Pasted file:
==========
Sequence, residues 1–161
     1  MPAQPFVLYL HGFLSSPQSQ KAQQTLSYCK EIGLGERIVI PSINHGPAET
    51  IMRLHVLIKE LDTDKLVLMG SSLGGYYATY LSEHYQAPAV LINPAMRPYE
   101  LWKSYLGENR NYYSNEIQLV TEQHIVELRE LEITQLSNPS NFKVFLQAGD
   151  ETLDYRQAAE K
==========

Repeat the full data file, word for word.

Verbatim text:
Sequence, residues 1–161
     1  MPAQPFVLYL HGFLSSPQSQ KAQQTLSYCK EIGLGERIVI PSINHGPAET
    51  IMRLHVLIKE LDTDKLVLMG SSLGGYYATY LSEHYQAPAV LINPAMRPYE
   101  LWKSYLGENR NYYSNEIQLV TEQHIVELRE LEITQLSNPS NFKVFLQAGD
   151  ETLDYRQAAE K